The Irony of the Low-Volatility Binge

Investor appetite for low-volatility mutual and exchange-traded funds isn’t new. However, it seems to be reaching the point of gluttony. Bloomberg reports that this month, (for the first time), combined assets in the PowerShares S&P Low Volatility fund and the iShares Edge MSCI Minimum Volatility USA ETF reached $20 billion.

But as investors continue to flee the rest of the equity markets (yanking almost $60 billion from U.S. stock funds this year alone), the mass inflow to the low-vol funds is making the shares in those funds more expensive, leading to more price swings and, ironically, volatility.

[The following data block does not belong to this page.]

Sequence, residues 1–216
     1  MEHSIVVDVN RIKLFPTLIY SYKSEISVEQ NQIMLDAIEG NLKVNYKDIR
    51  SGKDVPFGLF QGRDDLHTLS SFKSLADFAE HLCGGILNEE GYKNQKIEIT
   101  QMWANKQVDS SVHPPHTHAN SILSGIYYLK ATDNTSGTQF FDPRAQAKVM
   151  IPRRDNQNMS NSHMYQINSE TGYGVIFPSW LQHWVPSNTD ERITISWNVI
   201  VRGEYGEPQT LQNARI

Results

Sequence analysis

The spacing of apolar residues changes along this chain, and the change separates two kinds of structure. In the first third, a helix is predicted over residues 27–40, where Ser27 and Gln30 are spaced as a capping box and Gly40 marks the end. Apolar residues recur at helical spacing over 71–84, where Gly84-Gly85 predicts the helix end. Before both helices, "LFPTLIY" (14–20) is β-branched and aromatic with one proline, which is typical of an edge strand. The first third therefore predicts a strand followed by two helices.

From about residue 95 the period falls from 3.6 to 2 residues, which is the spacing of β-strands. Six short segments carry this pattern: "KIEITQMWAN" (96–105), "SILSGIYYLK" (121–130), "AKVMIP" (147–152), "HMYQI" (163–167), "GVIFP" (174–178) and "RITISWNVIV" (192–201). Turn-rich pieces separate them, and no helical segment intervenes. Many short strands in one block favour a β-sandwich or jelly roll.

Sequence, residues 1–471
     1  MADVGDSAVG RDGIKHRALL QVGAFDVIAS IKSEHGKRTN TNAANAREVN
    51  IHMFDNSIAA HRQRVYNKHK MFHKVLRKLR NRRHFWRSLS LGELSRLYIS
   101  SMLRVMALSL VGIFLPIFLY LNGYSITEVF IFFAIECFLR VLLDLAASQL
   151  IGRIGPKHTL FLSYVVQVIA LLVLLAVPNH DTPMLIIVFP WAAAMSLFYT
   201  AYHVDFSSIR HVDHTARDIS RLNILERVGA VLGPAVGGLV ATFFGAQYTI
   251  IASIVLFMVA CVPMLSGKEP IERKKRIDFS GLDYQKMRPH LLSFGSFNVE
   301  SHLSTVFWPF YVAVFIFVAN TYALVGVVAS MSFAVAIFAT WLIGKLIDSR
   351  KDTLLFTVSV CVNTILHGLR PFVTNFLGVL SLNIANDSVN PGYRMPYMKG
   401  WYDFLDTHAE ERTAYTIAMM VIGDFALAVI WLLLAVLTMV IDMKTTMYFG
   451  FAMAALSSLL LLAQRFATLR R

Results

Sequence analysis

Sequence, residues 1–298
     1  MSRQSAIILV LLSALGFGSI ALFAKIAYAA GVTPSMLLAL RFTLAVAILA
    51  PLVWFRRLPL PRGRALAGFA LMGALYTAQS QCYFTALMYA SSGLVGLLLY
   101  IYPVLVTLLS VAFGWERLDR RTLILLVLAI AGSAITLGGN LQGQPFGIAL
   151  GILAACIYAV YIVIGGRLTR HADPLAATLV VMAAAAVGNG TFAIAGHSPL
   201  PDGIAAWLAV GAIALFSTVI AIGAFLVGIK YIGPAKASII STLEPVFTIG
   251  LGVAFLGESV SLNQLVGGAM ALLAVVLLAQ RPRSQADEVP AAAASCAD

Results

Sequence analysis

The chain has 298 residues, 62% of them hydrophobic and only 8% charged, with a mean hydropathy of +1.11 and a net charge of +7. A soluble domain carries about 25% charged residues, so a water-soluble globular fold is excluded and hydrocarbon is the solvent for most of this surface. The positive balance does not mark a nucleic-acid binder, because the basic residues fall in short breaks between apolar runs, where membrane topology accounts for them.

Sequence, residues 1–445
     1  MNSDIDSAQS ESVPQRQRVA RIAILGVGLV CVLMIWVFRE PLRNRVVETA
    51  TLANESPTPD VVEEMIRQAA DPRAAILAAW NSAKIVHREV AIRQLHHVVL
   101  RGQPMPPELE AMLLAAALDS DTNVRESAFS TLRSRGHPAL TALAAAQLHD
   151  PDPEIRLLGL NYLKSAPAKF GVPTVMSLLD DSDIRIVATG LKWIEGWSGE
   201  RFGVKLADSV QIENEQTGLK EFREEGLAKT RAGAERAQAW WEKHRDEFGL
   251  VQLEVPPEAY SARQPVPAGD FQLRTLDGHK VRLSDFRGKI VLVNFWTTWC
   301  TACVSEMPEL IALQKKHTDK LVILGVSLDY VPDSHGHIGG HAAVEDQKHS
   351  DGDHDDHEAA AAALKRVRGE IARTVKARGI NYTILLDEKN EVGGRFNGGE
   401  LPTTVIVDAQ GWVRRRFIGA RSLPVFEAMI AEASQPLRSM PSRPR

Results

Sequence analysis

Although not designed to do so, the PowerShares fund is beating the market this year (up 3.4% to date compared with a 0.2% increase in the S&P 500). At the same time, however, expected volatility (as measured by the Chicago Board Options Exchange) says that current market turbulence is more than 20% below its 10-year average. So the fact that investors are still running for the exits in the broader markets is causing asset managers anxiety since, even after the markets calmed down from the shocks of last August and this past January, low-vol funds remain the destination of choice.